IF proteins form strong rods or fibres of dimeric α-helical coils that resist mechanical stresses in eukaryotic cells [65]. In bacteria, probably the best example of an IF-like protein is crescentin. Similar to eukaryotic IFs, crescentin has a coiled-coil structure and self-assembles in a nucleotide-independent manner [60]. It is responsible for the bent-shape of Caulobacter crescentus. The deletion of crescentin causes C. crescentus to lose its characteristic shape and become a straight rod [57]. Other examples of IF-like proteins have been found in bacteria, but their functions are not well understood. Examples include RsmP from Corynebacterium glutamicum and Ccrp from Bdellovibrio bacteriovorus [57]. Similar to crescentin, FilP from Streptomyces coelicolor also has a coiled-coil structure that has been suggested to play a role in hyphal formation [59].

Actin-like proteins are present in all domains of life [66]. Actin-like proteins have a characteristic structure of four distinct domains stabilised by an ADP molecule. These proteins polymerise in the presence of ATP, and form either globular (G-actin) or filamentous (F-actin) structures [57]. In eukaryotes, actin is known to polymerise and undergo a treadmilling action wherein monomers are added to one end of the filament and removed from the opposite end [67]. Similar characteristics are seen in bacterial actin homologues like MamK, ParM, and other plasmid-segregating homologues [68]. MamK forms filaments that organise magnetic vesicles, or magnetosomes, in Magnetospirillum magneticum [69,70]. ParM is a plasmid-encoded actin-like protein involved in plasmid partitioning [59].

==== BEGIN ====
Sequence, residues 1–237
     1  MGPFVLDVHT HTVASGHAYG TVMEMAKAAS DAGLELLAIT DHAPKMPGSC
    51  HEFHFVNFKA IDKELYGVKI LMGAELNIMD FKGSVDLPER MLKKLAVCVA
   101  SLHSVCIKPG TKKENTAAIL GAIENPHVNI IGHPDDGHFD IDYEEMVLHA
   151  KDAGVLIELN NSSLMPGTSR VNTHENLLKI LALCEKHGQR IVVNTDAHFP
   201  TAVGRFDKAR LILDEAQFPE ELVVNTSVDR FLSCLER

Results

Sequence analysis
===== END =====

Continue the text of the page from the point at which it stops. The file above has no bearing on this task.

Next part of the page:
In contrast, MreB, the major actin homologue responsible for determining rod-like shape in bacteria, has been demonstrated to have no intrinsic polarity and does not undergo treadmilling [71–73], forming instead antiparallel double filaments. MreB is a highly conserved protein among most rod-shaped bacteria [74] and has a very similar structure to eukaryotic actin [75]. Using a theoretical model, Lan et al. [76] proposed that MreB modifies newly synthesised PG strands by pre-stretching them prior to cell wall insertion. Evidence showing that MreB has a direct influence on cell integrity was later provided by S. Wang et al. [77] who showed using an optical trap experiment that in E. coli, ∼50% of cell rigidity comes from MreB itself, showing that this actin-like protein contributes as much to mechanical integrity as the cell wall. In contrast with its role in providing bending stiffness, MreB does not provide longitudinal stiffness to cells [78].